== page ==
~ You’ve seen the signs, baiting you to get off Florida’s Turnpike in the middle of nowhere, a bump in the road at Exit 193, for “Orlando Discounts.”
Ever wonder what was there besides a trailer selling discount tickets?
Yeehaw Junction is a busy crossroad of commerce, where 18-wheelers move at a crisp clip through the intersections of the Turnpike, U.S. 441 and State Road 60, linking east and west, north and south, through the heart of an enormous, remote ranching and agricultural area.
And in the middle of it all is the historic Desert Inn, which has guarded this crossing since pioneer days, before there were roads.
The Desert Inn was established in the late 1880s as a trading post. There were no roads, just trails where cowboys working the open range and loggers culling timber would congregate for supplies and entertainment. The current building was constructed in 1898.
After roads were built in the 1930s, the intersection earned the nickname “Jackass Crossing,” a nod to the area’s cowboys and lumbermen who relied on mules for working cattle or hauling timber.
As the roads came, a bordello was established upstairs, where truckers, travelers and cowboys would be, ahem, entertained. A few cabins were built out back as tourists began to trickle westward from Vero Beach, 30 miles to the east.
In the 1950s, Florida’s Turnpike was being built, but state legislators felt that “Jackass Crossing” would be found offensive by winter tourists, so they changed the name to Yeehaw Junction, tying it into a railroad depot a few miles east. There are two versions about the origin of the new name. One suggests “yeehaw” was chosen because it’s similar to the sound a mule makes, while the other pins it to a Creek Indian word meaning “wolf.”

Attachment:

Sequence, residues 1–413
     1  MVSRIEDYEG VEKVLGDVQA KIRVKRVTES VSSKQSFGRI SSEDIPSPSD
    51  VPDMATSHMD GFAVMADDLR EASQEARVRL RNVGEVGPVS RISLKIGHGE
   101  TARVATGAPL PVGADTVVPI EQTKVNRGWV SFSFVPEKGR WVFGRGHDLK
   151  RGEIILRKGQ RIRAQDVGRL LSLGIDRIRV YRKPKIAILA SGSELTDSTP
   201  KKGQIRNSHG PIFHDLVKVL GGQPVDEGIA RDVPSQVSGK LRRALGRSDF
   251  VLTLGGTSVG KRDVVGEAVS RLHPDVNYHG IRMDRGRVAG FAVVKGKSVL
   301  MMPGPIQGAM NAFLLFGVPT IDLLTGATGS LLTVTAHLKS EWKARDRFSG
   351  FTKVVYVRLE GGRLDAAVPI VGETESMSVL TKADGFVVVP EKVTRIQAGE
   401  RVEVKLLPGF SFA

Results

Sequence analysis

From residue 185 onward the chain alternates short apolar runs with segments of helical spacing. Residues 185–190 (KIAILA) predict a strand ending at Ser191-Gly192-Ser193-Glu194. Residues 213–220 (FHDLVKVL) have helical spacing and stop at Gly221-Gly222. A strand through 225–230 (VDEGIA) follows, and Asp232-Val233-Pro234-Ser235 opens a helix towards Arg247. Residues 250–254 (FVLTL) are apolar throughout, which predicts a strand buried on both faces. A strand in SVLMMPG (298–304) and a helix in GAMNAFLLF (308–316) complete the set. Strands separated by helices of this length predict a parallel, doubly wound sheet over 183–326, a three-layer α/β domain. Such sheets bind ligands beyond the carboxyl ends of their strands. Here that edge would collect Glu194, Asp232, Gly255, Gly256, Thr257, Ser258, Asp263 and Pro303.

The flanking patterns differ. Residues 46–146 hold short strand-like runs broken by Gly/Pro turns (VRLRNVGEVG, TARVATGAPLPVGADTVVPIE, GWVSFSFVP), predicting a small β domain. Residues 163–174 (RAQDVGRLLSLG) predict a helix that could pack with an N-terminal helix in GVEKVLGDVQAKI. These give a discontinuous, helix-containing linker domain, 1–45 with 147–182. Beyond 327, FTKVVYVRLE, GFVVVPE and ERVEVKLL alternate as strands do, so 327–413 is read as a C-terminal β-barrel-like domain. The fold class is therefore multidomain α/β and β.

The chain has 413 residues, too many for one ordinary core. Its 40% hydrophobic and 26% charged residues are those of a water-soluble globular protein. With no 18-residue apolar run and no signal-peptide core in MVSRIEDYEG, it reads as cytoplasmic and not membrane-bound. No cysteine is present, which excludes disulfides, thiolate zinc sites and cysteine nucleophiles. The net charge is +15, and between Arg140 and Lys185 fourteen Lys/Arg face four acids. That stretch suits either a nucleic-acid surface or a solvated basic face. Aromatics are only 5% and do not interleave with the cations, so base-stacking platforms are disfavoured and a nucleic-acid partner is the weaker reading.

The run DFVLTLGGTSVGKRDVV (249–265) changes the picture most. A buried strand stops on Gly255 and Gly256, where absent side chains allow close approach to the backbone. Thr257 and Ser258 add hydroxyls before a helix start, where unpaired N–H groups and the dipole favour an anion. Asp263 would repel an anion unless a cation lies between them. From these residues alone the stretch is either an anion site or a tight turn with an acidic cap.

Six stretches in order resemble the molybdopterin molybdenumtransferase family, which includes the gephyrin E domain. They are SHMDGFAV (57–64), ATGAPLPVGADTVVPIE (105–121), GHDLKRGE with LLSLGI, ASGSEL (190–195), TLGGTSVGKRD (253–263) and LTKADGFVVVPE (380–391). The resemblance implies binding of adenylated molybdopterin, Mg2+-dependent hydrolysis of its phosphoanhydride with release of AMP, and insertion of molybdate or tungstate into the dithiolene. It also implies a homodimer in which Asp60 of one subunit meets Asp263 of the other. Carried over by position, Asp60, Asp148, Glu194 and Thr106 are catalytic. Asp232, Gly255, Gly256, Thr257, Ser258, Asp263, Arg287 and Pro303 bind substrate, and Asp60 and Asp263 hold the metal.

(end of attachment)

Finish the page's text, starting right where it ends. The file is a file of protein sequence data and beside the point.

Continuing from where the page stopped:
The Desert Inn thrived through this period of traffic growth and cross-state commerce, although few people actually live there. The latest census (2010) counted 240 residents scattered around.
Today, the original 1898 Desert Inn still stands, continuing to serve as a restaurant and a bar, and there is an 11-unit motel out back for travelers. Rooms are $45 a night (subject to change). Nothing fancy, so don’t expect much. The proprietors promise “clean rooms with showers.” Reservations are not accepted, so don’t bother looking on hotels.com.
I stopped there occasioinally for lunch when traveling across the state on State Road 60, which makes a beeline to Tampa Bay. The menu choices are designed to stir your yearning for old Florida: Gator burgers, frog legs and turtle burgers. Or you can select from a tamer selection of chow, including one of the juiciest, tastiest hamburgers you’ll find anywhere.
Little, if anything, has been done to change the atmosphere of the Desert Inn. The horseshoe shaped bar, wooden booths, witty signs and oddball knick-knacks are classic Old Florida. A booth at the rear of the dining room is always occupied by an Indian couple, wooden mannequins.
Cowboys who work the nearby ranches are regulars, as are truckers, businessmen, blue-color workers, bikers and tourists. One minute the bar can be full, empty the next. The Desert Inn still reigns as a place where locals congregate and travelers are well fed. Prices for food and drinks are modest, and the food is good.
You can still get your discount tickets for Orlando attractions in a roadside trailer about a half-mile east of the Desert Inn on SR 60, near the Turnpike exit, although most of those old billboards along the Turnpike are long gone. The only other businesses are a truck stop and a gas station with a convenience store.
Turnpike travelers will be well-served by skipping the highway’s sterile Fort Drum Service Plaza and pop off at Exit 193 for a tasty burger or fish and chips and a travel back in time. Gas is available nearby.
More about the Desert Inn:
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